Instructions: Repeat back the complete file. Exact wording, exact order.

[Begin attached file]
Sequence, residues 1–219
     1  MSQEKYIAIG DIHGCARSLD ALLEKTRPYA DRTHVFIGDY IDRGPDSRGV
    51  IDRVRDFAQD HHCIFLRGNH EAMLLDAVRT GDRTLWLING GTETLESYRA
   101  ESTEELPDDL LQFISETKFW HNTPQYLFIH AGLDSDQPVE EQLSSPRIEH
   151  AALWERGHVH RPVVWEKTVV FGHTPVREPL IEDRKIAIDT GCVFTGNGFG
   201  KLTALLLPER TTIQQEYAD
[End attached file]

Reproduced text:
Sequence, residues 1–219
     1  MSQEKYIAIG DIHGCARSLD ALLEKTRPYA DRTHVFIGDY IDRGPDSRGV
    51  IDRVRDFAQD HHCIFLRGNH EAMLLDAVRT GDRTLWLING GTETLESYRA
   101  ESTEELPDDL LQFISETKFW HNTPQYLFIH AGLDSDQPVE EQLSSPRIEH
   151  AALWERGHVH RPVVWEKTVV FGHTPVREPL IEDRKIAIDT GCVFTGNGFG
   201  KLTALLLPER TTIQQEYAD